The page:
Jetson TX2 RAID

I need to use RAID to my nvidia jetson tx2 server machine. I started from webmin for make RAID configuration I gor this error;

The kernel RAID status file /proc/mdstat does not exist on your system. Your kernel probably does not support RAID.

After, I tried install mdadm to my ubuntu server machihe and I got this error;

:~$ sudo apt-get install -y mdadm
Reading package lists... Done
Building dependency tree       
Reading state information... Done
The following packages were automatically installed and are no longer required:
  libckyapplet1 libnss3-tools
Use 'sudo apt autoremove' to remove them.
Suggested packages:
  default-mta | mail-transport-agent dracut-core
The following NEW packages will be installed:
0 upgraded, 1 newly installed, 0 to remove and 4 not upgraded.
Need to get 370 kB of archives.
After this operation, 1.155 kB of additional disk space will be used.
Get:1 bionic-updates/main arm64 mdadm arm64 4.1~rc1-3~ubuntu18.04.4 [370 kB]
Fetched 370 kB in 1s (335 kB/s)
debconf: delaying package configuration, since apt-utils is not installed
Selecting previously unselected package mdadm.
(Reading database ... 241212 files and directories currently installed.)
Preparing to unpack .../mdadm_4.1~rc1-3~ubuntu18.04.4_arm64.deb ...
Unpacking mdadm (4.1~rc1-3~ubuntu18.04.4) ...
Setting up mdadm (4.1~rc1-3~ubuntu18.04.4) ...
W: mdadm: failed to load MD subsystem.
Generating mdadm.conf... done (failed to scan arrays; /proc probably not mounted).
update-initramfs: deferring update (trigger activated)
update-rc.d: warning: start and stop actions are no longer supported; falling back to defaults
Processing triggers for man-db (2.8.3-2ubuntu0.1) ...
Processing triggers for systemd (237-3ubuntu10.52) ...
Processing triggers for initramfs-tools (0.130ubuntu3.13) ...
update-initramfs: Generating /boot/initrd.img-4.9.253-tegra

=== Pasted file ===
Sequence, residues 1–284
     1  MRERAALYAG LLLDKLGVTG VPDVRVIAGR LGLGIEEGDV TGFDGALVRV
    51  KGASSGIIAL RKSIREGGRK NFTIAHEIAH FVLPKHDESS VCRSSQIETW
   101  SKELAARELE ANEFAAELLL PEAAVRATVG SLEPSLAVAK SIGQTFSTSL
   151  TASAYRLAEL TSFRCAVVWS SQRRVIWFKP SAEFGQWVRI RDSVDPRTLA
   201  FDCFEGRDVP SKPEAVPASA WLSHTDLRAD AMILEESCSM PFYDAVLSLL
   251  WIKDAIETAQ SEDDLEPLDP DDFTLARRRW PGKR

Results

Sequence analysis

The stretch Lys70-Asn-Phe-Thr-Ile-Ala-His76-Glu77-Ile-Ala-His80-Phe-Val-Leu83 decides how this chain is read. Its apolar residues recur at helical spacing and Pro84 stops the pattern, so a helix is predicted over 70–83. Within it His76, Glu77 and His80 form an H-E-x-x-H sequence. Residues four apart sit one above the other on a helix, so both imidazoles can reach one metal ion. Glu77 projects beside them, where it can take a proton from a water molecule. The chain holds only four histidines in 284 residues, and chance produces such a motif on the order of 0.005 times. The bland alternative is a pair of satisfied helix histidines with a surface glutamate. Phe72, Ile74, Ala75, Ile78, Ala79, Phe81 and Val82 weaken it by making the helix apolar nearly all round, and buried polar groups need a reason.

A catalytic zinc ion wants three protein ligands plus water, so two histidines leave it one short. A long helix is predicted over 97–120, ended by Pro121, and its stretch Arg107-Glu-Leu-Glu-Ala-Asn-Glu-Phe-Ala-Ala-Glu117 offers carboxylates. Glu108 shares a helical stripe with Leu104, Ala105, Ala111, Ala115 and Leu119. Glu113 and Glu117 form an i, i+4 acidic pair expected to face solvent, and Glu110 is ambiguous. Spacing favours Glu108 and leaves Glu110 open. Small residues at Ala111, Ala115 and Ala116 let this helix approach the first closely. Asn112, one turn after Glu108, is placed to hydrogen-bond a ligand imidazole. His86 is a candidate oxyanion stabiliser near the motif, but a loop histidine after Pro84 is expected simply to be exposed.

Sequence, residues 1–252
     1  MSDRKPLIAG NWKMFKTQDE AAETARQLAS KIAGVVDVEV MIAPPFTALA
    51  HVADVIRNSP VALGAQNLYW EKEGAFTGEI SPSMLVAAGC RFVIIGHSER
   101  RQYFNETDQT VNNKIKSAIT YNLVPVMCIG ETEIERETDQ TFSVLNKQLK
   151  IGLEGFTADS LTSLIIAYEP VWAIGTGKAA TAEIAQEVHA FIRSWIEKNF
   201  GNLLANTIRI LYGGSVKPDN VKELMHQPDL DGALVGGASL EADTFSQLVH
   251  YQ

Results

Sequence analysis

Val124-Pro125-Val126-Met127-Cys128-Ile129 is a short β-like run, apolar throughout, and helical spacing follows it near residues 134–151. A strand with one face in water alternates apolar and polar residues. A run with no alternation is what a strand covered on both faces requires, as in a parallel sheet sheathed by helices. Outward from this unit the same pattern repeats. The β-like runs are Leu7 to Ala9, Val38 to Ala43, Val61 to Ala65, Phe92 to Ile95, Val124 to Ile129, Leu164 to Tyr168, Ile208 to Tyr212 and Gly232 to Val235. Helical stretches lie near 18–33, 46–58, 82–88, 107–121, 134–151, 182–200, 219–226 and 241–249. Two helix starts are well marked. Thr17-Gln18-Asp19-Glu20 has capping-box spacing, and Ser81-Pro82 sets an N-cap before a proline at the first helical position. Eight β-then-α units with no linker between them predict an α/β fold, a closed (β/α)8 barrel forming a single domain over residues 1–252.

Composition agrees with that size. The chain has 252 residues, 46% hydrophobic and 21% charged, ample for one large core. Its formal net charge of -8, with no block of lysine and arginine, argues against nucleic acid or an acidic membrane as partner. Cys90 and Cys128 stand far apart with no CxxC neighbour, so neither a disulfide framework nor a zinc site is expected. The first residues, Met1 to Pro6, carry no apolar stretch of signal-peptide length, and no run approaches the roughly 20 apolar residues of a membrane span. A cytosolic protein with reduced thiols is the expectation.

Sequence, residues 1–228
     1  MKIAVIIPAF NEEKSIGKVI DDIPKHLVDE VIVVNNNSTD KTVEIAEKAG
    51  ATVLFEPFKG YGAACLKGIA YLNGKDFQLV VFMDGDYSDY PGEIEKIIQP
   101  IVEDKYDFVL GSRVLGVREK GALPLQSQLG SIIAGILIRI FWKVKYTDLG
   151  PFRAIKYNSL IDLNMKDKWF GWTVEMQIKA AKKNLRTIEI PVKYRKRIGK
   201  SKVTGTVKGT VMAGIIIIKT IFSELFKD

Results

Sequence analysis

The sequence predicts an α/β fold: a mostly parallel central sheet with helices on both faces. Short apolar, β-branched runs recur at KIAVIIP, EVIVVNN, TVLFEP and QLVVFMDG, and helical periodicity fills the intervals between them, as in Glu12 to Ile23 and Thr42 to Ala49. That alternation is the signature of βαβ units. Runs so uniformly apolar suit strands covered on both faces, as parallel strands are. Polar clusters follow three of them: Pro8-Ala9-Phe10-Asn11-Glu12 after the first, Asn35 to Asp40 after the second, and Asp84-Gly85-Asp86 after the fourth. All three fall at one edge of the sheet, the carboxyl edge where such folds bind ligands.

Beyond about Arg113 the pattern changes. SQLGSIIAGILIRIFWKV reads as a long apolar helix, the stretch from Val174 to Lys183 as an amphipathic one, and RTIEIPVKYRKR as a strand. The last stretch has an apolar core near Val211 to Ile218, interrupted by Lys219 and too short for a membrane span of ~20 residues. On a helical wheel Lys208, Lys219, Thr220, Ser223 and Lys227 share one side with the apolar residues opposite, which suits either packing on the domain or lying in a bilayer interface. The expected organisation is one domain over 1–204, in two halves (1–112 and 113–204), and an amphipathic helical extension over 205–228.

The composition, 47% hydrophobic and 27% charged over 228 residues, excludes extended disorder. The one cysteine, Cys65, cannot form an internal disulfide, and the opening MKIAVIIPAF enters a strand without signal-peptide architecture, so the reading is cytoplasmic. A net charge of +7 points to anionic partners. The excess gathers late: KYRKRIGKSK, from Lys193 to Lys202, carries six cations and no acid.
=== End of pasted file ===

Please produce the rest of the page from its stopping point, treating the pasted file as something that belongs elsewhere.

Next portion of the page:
Warning: couldn't identify filesystem type for fsck hook, ignoring.
I: The initramfs will attempt to resume from /dev/zram5
I: (UUID=b5226fac-8043-4ed0-8b4a-e0ec66e971f7)
I: Set the RESUME variable to override this.
W: mkconf: MD subsystem is not loaded, thus I cannot scan for arrays.
W: mdadm: failed to auto-generate temporary mdadm.conf file.
/sbin/ldconfig.real: Warning: ignoring configuration file that cannot be opened: /etc/ No such file or directory
/sbin/ldconfig.real: Warning: ignoring configuration file that cannot be opened: /etc/ No such file or directory

What can I do for RAID, Does TX2 supports RAID?

Nvidia Jetson TX2
Ubuntu 18.04 LTS
Kernel 4.9.125-tegra

The file “/proc/mdstat” would be the result of a kernel feature or driver. Those pseudo files in “/proc” are not real files, and are instead the result of a kernel feature pretending to be a file.

Basically the software you install with apt would need to make certain “system calls” through that file. So you need the software, but you also need the kernel feature/driver. This is not a case of Jetsons or Linux supporting or not supporting RAID as this is simply a case for all of Linux to make sure the kernel feature is installed.

Mostly this is the same on a Jetson as it is on any other Linux, but there can be some changes to correctly installing a new kernel (can be risky if not done correctly) or kernel module (very little risk, easy to do) on a Jetson versus a desktop PC. Not all features or drivers can be in the form of a module, but many can. The trick is to now identify which feature needs to be enabled in the kernel.